UCSF Hospitalists May Be Key To Shorter, Less Costly Hospital Stays

May 19, 1998

At a time when managed care is forcing hospitals to cut costs, a new UC San Francisco study has found that increasing the involvement of faculty doctors who specialize in hospital care may be a key to shorter, less costly hospital stays that don't compromise quality or teaching.

The study, published in the May 20th edition of the Journal of the American Medical Association, found that patients spend less time in the hospital--and their care costs less as a result--when their cases are managed by doctors in the recently emerged specialty of hospital care, called hospitalists.

Traditionally, residents, who are medical school graduates in the late stages of training, manage inpatient care in teaching hospitals.

The role of the hospitalist is a departure from the way faculty doctors traditionally have functioned in academic hospitals. Under the traditional model, faculty members serve as advisors to the residents and rotate in that role infrequently, often just one month a year.

"What you have with the hospitalist model is more direct supervision by individuals who are more experienced in this attending role, more skilled in it and for whom this role is a larger part of their professional identity," said Robert M. Wachter, MD, UCSF associate professor of medicine and epidemiology.

Wachter is associate chairman of UCSF's Department of Medicine, chief of the Medical Service at UCSF Medical Center and the study's principal investigator. UCSF Medical Center is part of UCSF Stanford Health Care.

The year-long study, which involved 1,623 patients at UCSF Medical Center from July 1995 to June 1996, showed that patients stayed an average of 4.3 days, at a cost of $7,007, when their care was managed more closely, generally by a hospitalist. They spent 4.9 days, at $7,777, under a more traditional structure. Patients were randomly divided into the two groups.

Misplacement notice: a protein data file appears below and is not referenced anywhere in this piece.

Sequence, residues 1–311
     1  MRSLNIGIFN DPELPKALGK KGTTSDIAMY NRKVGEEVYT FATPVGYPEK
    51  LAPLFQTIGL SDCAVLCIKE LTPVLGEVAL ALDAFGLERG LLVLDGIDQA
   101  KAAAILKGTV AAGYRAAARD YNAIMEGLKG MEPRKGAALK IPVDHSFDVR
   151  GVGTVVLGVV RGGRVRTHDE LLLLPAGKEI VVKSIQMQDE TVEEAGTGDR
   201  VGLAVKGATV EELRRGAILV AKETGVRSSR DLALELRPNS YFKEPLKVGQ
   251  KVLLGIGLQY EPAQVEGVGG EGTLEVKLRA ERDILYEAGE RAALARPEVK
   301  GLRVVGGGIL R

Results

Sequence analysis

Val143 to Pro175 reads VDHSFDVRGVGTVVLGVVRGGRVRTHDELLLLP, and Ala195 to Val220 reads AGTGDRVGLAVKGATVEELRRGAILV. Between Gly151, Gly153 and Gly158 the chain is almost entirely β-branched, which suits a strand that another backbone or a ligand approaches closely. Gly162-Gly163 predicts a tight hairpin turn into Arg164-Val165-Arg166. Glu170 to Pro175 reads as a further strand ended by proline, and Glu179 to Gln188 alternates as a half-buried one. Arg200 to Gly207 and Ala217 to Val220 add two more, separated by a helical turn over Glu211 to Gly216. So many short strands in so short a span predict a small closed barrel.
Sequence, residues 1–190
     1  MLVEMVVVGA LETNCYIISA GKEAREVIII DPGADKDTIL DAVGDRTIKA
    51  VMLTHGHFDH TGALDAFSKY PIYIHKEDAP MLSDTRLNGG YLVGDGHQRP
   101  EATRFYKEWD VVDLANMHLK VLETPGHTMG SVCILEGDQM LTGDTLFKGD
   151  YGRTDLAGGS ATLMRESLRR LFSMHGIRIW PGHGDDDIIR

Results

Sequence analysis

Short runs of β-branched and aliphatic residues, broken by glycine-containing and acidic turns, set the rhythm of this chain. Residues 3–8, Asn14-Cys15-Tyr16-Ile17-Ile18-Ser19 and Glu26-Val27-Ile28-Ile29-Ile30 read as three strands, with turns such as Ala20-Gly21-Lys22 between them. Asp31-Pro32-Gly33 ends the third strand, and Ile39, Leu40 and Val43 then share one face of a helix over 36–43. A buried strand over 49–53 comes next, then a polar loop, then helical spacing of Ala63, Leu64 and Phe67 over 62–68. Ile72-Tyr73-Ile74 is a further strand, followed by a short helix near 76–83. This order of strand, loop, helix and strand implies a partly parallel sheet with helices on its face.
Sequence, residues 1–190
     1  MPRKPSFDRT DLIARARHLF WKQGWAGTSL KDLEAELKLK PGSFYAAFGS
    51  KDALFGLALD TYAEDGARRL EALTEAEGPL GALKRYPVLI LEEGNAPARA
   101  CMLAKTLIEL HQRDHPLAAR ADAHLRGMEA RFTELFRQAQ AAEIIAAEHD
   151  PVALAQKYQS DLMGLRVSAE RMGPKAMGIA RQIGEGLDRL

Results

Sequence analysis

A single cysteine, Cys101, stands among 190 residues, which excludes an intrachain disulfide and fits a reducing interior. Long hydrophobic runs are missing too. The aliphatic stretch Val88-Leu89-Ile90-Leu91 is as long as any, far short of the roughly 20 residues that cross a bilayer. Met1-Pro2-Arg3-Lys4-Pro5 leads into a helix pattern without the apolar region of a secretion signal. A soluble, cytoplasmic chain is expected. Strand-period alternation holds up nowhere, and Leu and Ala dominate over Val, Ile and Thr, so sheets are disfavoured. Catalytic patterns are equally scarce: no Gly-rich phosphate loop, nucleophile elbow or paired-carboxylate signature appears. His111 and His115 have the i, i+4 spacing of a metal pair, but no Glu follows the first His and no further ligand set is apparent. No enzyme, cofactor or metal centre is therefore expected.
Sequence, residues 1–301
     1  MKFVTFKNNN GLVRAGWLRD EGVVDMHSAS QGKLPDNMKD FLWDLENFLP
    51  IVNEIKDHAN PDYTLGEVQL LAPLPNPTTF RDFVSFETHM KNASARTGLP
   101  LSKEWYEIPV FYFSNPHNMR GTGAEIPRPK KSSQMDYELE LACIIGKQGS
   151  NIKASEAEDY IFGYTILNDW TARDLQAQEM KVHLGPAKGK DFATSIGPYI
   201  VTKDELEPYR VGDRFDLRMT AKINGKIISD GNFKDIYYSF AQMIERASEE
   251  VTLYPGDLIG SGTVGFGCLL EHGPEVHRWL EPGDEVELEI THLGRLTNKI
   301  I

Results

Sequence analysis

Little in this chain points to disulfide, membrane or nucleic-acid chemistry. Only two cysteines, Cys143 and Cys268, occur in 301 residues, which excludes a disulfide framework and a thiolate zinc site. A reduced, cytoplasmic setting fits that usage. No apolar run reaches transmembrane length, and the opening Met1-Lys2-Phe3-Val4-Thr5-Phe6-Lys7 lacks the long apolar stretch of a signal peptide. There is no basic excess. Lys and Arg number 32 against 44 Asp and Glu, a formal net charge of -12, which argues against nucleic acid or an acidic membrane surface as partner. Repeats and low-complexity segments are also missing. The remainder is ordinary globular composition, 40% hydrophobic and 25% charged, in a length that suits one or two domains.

There was no significant difference between how patients in both groups fared healthwise, or how satisfied they were with the care they received, Wachter said. That finding is based on a wide range of observations, including patient outcomes and hospital readmissions, as well as a patient survey.

The study also may ease concerns of residents that the increasing involvement of hospitalists could cost them their autonomy and compromise the quality of their education, Wachter said. A survey showed that a majority of residents who worked side-by-side with the hospitalists were highly satisfied with the experience. In fact, the majority preferred it to the traditional system.

Also allayed were the concerns of other specialists, who questioned whether they would get fewer referrals as a result of greater reliance on hospitalists, Wachter said.

The findings, Wachter said, further support the increasingly popular idea of using hospitalists to improve the efficiency, and possibly the quality, of inpatient care. The concept of the dedicated inpatient physician was first described by Wachter and co-author Lee Goldman, MD, UCSF professor of medicine and chair of the UCSF Department of Medicine, in a seminal 1996 New England Journal of Medicine article, in which the term "hospitalist" was coined.

While improving value may not have been a primary focus as little as five years ago, managed care now forces health care providers to look for ways to cut costs without harming quality or patient satisfaction, Wachter said.

"Nearly two years after the study, the practice of having attending physicians being involved sooner and more intensely makes up the majority of the way things work now," Wachter said. "Now these methods are standard procedure."

Co-investigators include Goldman; Patricia Katz, PhD, UCSF assistant professor of medicine; Jonathan Showstack, PhD, MPH, UCSF professor of medicine; and Andrew Bindman, MD, UCSF associate professor of medicine.
-end-


University of California - San Francisco

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